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Forum topic by Chad Eberly posted 10-22-2021 02:17 PM 644 views 0 times favorited 7 replies Add to Favorites Watch
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Chad Eberly

19 posts in 151 days


10-22-2021 02:17 PM

are hurricane turning tools as good as they sound or are there others that are better?

-- Chad A. Eberly


7 replies so far

View HokieKen's profile

HokieKen

19814 posts in 2420 days


#1 posted 10-22-2021 02:53 PM

Certainly there are others that are better. And there are others that are cheaper. But in my opinion, Hurricane tools offer excellent value. I have several of their tools and they are good tools that don’t break the bank. But if you’re looking for the “best” tools, there are certainly better ones out there.

-- I collect hobbies. There is no sense in limiting yourself (Don W) - - - - - - - - Kenny in SW VA

View OSU55's profile

OSU55

2892 posts in 3271 days


#2 posted 10-25-2021 12:17 PM

The basic M2 tools are a good value. PSI Benjamins Best are a direct competitor. I have some of both and give the PSI tools a slight edge – youget slightly more tool steel, a bit thicker shaft or scraper vs hurricane. Seem to me to have = M2 tool steel. Havent tried any of the more expensive line of hurricane – for hi $ tools I look to Thompson, D-Way, Crown.

Dont worry about handles, they are easy to make. The higher quality steel M42 or powdered metal does hold an edge a lot longer and gouges have longer flutes so the tools last a long time and are worth the $ but only for the 2 to 4 tools you end up using the most. The value tools allow you to try different sizes of tools and different grinds to learn what you like for what you prefer to turn, without spending so much and then having more $ sitting idle in the tool rack.

View Knockonit's profile

Knockonit

1015 posts in 1484 days


#3 posted 10-25-2021 01:26 PM

i’ve a gaggle of different makers, just picked up some carbide units, gonna see how they fair, been turning some ironwood and mesquite, hell on edges, am learning again how to get’m sharpened right, but with these two pcs, its a booger to keep’m keen
rj in az

-- Living the dream

View Teesquare's profile

Teesquare

24 posts in 23 days


#4 posted 11-11-2021 12:15 PM

FWIW…I have a few Hurricane tools – mostly big scrapers. They perform fine for that. I don’t have any of their gouges – but for the price I would try try one – and not expect it to perform as well as the higher dollar metals Doug mentions ( OSU55 ) if I needed a tool in a size they offer.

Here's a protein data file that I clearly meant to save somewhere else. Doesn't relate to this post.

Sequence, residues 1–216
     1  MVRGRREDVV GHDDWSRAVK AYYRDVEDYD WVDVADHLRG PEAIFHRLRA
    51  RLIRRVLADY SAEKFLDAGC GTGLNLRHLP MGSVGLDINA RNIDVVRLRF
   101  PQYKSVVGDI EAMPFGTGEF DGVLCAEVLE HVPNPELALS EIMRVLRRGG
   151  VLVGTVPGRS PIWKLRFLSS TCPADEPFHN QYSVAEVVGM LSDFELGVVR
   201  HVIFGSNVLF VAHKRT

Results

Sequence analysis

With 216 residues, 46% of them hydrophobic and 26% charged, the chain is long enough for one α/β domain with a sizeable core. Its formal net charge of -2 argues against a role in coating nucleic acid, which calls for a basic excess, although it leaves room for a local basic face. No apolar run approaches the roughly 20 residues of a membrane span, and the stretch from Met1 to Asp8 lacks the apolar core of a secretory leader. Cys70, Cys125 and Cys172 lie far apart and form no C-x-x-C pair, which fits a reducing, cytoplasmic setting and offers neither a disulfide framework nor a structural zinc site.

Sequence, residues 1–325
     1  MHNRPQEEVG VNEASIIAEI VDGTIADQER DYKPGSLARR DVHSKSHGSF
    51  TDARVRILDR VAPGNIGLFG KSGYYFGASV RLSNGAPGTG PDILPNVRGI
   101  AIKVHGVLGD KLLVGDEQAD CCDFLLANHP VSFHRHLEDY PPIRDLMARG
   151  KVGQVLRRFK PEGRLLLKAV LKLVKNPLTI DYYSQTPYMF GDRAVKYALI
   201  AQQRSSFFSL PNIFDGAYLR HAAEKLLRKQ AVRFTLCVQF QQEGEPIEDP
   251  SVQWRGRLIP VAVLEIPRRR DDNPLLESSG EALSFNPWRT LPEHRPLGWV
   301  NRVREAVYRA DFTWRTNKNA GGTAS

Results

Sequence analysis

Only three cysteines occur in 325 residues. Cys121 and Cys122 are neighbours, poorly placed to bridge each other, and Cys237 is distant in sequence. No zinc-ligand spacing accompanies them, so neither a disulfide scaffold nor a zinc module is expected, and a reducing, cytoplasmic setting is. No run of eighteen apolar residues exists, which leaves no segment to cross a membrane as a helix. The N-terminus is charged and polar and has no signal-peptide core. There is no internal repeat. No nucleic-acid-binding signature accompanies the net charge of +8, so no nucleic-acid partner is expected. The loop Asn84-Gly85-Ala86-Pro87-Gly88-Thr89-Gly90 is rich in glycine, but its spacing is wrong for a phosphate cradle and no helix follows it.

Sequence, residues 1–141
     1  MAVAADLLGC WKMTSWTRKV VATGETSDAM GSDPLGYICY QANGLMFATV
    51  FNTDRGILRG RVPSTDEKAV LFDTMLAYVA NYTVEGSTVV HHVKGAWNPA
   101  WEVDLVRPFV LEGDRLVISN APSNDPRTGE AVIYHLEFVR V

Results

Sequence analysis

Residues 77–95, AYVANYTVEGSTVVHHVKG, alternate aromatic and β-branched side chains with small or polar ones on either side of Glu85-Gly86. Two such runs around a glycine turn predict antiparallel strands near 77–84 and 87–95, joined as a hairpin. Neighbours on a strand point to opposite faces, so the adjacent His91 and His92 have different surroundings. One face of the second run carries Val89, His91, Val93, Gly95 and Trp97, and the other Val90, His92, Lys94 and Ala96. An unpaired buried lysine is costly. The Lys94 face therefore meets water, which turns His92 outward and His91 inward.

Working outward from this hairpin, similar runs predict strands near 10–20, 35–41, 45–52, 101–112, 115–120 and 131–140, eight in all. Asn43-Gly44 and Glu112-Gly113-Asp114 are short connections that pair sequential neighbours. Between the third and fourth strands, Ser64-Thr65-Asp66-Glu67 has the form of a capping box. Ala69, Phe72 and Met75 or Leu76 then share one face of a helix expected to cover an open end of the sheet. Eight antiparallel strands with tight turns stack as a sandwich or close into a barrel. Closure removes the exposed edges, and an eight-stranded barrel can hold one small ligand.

View bigJohninvegas's profile

bigJohninvegas

1120 posts in 2744 days


#5 posted 11-11-2021 10:01 PM

Plenty that are much better, but that does not make them bad. I agree that I like the BB tools over the Hurricane brand. I think they are a good starter tool. And the couple I have, (Two spindle gouges) I bought to put a specialty grind on it. they rarely get used, and could not see paying the premium price to have that grind.

Switched up to Thompson tools years ago, and Picked up a Crown tool a few months back.
When you compare tools together. Look for how much usable tool you get.
Big brands like Thompson are easily twice the price.
But you get a longer flute, and steel that stays sharp longer.


The basic M2 tools are a good value. PSI Benjamins Best are a direct competitor. I have some of both and give the PSI tools a slight edge – you get slightly more tool steel, a bit thicker shaft or scraper vs hurricane. Seem to me to have = M2 tool steel. Haven’t tried any of the more expensive line of hurricane – for hi $ tools I look to Thompson, D-Way, Crown.

Dont worry about handles, they are easy to make. The higher quality steel M42 or powdered metal does hold an edge a lot longer and gouges have longer flutes so the tools last a long time and are worth the $ but only for the 2 to 4 tools you end up using the most. The value tools allow you to try different sizes of tools and different grinds to learn what you like for what you prefer to turn, without spending so much and then having more $ sitting idle in the tool rack.

- OSU55

Typed up my comment before I read yours. Spot on with what you have said.
If you are just starting out. The cheap tools are perfect. I ruined a couple pricey Sorby gouges learning to sharpen.

-- John

View WoodenDreams's profile

WoodenDreams

1448 posts in 1193 days


#6 posted 11-12-2021 12:16 AM

When I started to turn. I bought a set of HF Windsors. A good set to learn on and not worry about wasting away the shaft when learning to sharpen. I think the Hurricanes are about the same. Good way to look at it is. Get the tools that are in your budget. I just bought two HSS 3 pc sets of Rikons 70-9003 on sale from Peachtree. Talk about low quality, but, couldn’t go wrong at $9.99 a set. I’m going to grind them down to make beading turning tools.

View Woodnmetal's profile

Woodnmetal

200 posts in 127 days


#7 posted 11-12-2021 01:05 PM

As others mentioned. The price goes up depending on the cobalt content. Be it M2, M35, M42 types of material. Well,...Then add in indexable carbide….

IMHO, If you are just starting out in turning then it could take some time before you will notice the difference between reasonably good and very good.

Some, if not most, new guys/gals in the hobby or trade need to figure out technique.
Once you have developed your technique with consistency, then, is the only time to consider the more expensive, quality tools.

All the learning curves you experience will only have you concentrating more on your technique while gaining sharpening skills.

However… All of this ^^^^^ doesn’t apply if one has unlimited resources.

Gary

-- I haven't changed... but I know I'm not the same.

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